Sunflower Fungi Research
Improved disease resistance could be in store for tomorrow's sunflower varieties, thanks to plants that scientists have collected in Australia and are evaluating in greenhouse trials in Fargo, North Dakota. Plant pathologists and botanists collected seeds of wild sunflowers while in Australia in spring 2007. An arm of the Australian government, the Plant Exploration Office, funded their trip. Assisted by their Australian hosts, the plant specialists traveled to every corner of Australia to make 59 collections of Helianthus annuus and H. debilis sunflowers, marking the first time researchers have collected these wild species outside the plants' native United States.
The ultimate goal is to find new genes that can be incorporated into American sunflower hybrids to make them more resistant to fungi that cause diseases such as downy mildew, rust, and Sclerotinia ...view middle of the document...
In fall 2007, the scientists began greenhouse trials of the 59 wild Australian sunflower populations they had collected to evaluate their resistance to downy mildew, which doesn't currently exist in Australia, and to rust, which is severe there. The sunflower varieties collected in Australia will also be compared with some North American wild sunflower populations for resistance to Sclerotinia stalk rot. Of the three diseases, it is by far the most significant threat to the U.S. crop, so finding new sources of even partial resistance would be a great accomplishment.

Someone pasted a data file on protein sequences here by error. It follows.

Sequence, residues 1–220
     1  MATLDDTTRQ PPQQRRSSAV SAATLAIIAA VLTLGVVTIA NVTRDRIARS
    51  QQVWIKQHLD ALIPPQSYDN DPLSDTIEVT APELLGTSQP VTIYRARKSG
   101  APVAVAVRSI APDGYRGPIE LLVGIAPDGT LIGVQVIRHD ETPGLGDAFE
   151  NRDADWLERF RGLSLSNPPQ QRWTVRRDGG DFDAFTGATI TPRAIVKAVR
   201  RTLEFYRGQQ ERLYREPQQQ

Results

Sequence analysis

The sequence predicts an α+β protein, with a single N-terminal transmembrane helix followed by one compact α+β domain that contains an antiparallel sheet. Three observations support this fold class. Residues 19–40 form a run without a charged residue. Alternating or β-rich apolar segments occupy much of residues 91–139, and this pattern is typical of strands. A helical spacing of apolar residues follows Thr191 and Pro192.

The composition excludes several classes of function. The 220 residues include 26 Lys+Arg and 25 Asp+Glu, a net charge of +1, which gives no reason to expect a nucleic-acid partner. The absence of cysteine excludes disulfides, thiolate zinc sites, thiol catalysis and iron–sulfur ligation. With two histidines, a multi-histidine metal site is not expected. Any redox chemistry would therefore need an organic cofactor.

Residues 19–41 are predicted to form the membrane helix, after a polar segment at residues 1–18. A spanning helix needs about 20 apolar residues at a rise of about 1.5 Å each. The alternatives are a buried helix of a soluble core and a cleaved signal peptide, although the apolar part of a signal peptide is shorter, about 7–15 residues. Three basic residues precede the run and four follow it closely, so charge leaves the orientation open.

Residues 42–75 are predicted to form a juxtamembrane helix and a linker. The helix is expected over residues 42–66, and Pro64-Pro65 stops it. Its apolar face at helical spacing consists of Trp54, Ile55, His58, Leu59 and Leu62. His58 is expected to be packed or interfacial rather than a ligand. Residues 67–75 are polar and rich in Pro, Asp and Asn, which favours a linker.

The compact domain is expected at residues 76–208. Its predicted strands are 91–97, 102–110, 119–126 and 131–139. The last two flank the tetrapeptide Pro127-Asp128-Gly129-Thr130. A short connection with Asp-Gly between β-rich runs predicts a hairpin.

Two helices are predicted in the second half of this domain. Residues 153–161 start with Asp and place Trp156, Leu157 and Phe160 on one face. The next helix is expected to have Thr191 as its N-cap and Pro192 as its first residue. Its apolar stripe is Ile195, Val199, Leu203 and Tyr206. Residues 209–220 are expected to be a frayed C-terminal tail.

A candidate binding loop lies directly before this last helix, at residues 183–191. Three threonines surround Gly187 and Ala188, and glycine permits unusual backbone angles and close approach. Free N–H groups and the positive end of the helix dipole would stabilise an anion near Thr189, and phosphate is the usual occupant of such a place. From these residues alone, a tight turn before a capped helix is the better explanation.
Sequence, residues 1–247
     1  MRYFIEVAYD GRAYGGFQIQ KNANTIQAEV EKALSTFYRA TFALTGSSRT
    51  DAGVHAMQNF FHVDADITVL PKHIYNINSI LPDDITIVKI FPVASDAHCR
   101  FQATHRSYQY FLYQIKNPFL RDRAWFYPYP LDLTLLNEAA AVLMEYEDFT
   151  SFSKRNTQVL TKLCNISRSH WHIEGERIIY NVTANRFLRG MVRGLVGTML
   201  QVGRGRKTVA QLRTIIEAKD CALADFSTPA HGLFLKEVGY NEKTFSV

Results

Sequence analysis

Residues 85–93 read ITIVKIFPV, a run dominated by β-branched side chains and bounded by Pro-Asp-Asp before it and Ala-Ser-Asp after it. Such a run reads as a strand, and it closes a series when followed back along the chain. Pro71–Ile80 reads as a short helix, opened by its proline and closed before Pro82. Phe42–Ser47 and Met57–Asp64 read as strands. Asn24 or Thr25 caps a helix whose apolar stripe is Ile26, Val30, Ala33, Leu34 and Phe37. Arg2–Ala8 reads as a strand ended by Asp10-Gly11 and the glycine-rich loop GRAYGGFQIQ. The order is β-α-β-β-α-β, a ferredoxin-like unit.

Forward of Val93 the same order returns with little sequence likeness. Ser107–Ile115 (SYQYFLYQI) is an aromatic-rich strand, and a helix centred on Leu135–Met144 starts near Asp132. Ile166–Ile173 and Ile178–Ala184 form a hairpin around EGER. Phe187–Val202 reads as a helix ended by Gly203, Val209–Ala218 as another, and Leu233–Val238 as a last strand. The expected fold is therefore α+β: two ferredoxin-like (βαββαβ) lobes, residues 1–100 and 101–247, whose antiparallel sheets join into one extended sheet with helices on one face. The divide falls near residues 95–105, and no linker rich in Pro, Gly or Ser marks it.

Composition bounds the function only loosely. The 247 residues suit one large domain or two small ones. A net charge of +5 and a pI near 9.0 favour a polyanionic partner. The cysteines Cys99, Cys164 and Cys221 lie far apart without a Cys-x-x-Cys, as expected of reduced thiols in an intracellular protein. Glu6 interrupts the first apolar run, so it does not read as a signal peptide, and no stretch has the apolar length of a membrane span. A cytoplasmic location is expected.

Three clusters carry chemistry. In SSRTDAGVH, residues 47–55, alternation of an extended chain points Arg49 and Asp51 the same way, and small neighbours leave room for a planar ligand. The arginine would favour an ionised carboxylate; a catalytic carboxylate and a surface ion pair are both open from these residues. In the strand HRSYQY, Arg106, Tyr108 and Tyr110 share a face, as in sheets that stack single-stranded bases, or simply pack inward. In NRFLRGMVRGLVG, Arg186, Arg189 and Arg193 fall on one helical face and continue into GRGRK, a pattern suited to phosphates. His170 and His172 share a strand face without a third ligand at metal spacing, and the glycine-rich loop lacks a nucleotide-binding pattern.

Botanists will analyze the Aussie plants' seed oil content and fatty acid composition, and then compare their genetic profiles to those of American wild sunflowers. This could reveal whether the Australian sunflowers have undergone significant genetic changes since arriving in the Land Down Under more than 100 years ago from America.
Though the scientists are mainly interested in disease resistance, they collected across a broad geographic and climatic range to capture as much genetic diversity as possible. Indeed, their expedition took them on a 6,200-mile journey through West and South Australia, New South Wales, Victoria, and Queensland. On average, their team gathered 6,000 seeds per collection, which included wild populations from yards, hedgerows, vacant lots, sandy beaches, and many municipal garbage dumps, which were among the most productive sites for collecting seed.
Even if new genes for disease resistance aren’t found, the Australian plants seed will be made available to researchers in both the United States and abroad. After testing is complete, the team plans on storing the seed in the Helianthus germplasm collection at the Plant Introduction Station in Ames, Iowa, so that future researchers who might have different research objectives can use this germplasm to find traits in which current projects are not interested.